Suddenly, Alice realizes that she has put on the rabbit's gloves: if they fit, she must be shrinking again. She soon learns that the cause is the fan that she is holding, which she drops hastily before she shrinks away completely. She is now the right size for the door to the garden, but she has left the key, once again, on the glass table. She soon slips and falls into a vast body of salt water. It is the pool of tears that she cried when she was a giant. She sees a mouse swimming through the little sea, and tries to talk to him, but she unintentionally offends and frightens the creature by talking about her cat. The mouse can talk. Alice offends him again by bringing up a dog that kills rats, and the mouse seems to be swimming away, but when Alice calls out to him and apologizes, the mouse swims back and tells her to swim to shore with him. He promises to tell her his story, after which she will understand why he hates and fears cats. They swim towards the shore, and Alice finds herself swimming at the head of a curious party of animals who have fallen in the water: a Duck, a Dodo, a Lory, an Eaglet, and a few other animals.


Alice's shifts in size and inquiries into her own identity reflect the difficulties of growing up. Just as children on the verge of adulthood sometimes find themselves too small for adult privileges while being forced to talk on the no-fun world of adult responsibilities, Alice finds her body thrown back and forth between two extremes of size. The abrupt, almost violent physical changes might also suggest the sudden physical changes that come with the onset of adolescence.

Her inquiries into her own identity parallel a child's search for herself as she grows older. Alice worries that her identity has been displaced; her fears parallel any child's uncertainty about her place in the world. Note that Alice loathes the idea of being Mabel not only because Mabel is less bright, but because Mabel is less affluent. Alice is aware of differences in wealth, but she is still a young child; she sees class only in terms of how many material objects a little girl is allowed to have.

Chapter 3: A Caucus Race and a Long Tale


The animals and Alice make it to the shore, wet and grouchy. The mouse tries to dry them off by telling a dry story: he recites English history in flat, uninspired prose. At some point, he uses the word "it" without an antecedent, which causes confusion as the animals argue about what "it" is. The Dodo suggests another method of getting dry, as everyone seems to be as wet as over. The animals are initially reluctant to follow the Dodo's advice, as his speech is full of grand words that the other animals don't understand: the Eaglet convinces the Dodo of not understanding them either.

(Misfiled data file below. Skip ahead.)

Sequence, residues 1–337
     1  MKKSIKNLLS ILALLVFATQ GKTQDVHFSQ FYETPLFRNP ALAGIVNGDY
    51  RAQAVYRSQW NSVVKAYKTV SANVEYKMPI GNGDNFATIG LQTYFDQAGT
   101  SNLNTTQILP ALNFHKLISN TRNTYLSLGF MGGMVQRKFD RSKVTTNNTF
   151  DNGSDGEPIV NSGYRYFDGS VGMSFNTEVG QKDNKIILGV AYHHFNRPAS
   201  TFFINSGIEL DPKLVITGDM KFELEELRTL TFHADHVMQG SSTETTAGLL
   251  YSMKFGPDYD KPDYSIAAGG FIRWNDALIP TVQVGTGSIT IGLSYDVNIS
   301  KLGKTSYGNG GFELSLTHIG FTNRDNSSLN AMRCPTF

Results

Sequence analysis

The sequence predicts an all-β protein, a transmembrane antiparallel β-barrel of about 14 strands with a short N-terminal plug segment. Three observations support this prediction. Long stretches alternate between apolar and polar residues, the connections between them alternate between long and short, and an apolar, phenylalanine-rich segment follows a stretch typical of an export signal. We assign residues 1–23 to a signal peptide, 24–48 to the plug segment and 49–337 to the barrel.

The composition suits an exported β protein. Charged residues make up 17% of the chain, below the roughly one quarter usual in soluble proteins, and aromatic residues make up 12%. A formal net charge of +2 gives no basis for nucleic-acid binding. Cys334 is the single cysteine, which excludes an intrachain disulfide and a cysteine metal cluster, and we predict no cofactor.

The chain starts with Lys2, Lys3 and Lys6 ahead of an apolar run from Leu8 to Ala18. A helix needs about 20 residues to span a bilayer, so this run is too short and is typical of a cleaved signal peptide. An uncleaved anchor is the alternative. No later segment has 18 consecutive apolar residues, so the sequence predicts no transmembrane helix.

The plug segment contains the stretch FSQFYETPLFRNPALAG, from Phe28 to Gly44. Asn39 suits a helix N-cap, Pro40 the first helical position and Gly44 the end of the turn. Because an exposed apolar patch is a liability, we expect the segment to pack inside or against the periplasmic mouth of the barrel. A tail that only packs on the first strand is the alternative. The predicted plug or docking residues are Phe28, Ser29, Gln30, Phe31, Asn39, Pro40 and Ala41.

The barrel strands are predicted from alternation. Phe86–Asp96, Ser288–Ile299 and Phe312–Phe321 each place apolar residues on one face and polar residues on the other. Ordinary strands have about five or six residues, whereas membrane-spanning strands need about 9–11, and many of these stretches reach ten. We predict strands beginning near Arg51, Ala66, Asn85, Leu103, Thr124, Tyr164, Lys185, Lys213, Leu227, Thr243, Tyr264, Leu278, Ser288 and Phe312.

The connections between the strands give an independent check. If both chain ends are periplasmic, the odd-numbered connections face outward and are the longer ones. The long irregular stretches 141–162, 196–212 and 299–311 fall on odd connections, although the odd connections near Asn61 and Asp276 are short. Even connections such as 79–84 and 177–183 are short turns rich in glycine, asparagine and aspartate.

The Dodo suggests a Caucus Race. Alice and the animals line up and race around in circles, starting and stopping whenever they please. After a half-hour or so, they are all quite dry. The Dodo declares that they are all winners. Alice is charged with the responsibility of giving prizes to all of them: all she has is a container of little candies. She gives them one candy each. For her prize, the Dodo awards her the thimble that was in Alice's pocket. She thinks it's all totally absurd, but she dares not laugh for fear of offending them.

She asks the mouse to tell his tale, and he begins. But Alice is transfixed by the mouse's tale, and she looks at it as he speaks. Her impression of the tale is merged with her impression of his tale, and on the page the mouse's story, in verse, is written in the shape of a mouse's tail. The mouse accuses her of being inattentive, and wanders off in a huff. Alice is quite upset, and admits that she wishes that Dinah were with her. Dinah could fetch the mouse back so that he might finish his story. The birds ask who Dinah is, and Alice, eager as always to talk about her cat, talks about Dinah's many talents and virtues as a pet. She mentions that Dinah is quite good at catching birds, and at this bit of news the birds all begin to leave. Alice feels quite lonely, and begins to cry again. Soon, she hears the sound of little footsteps coming towards her.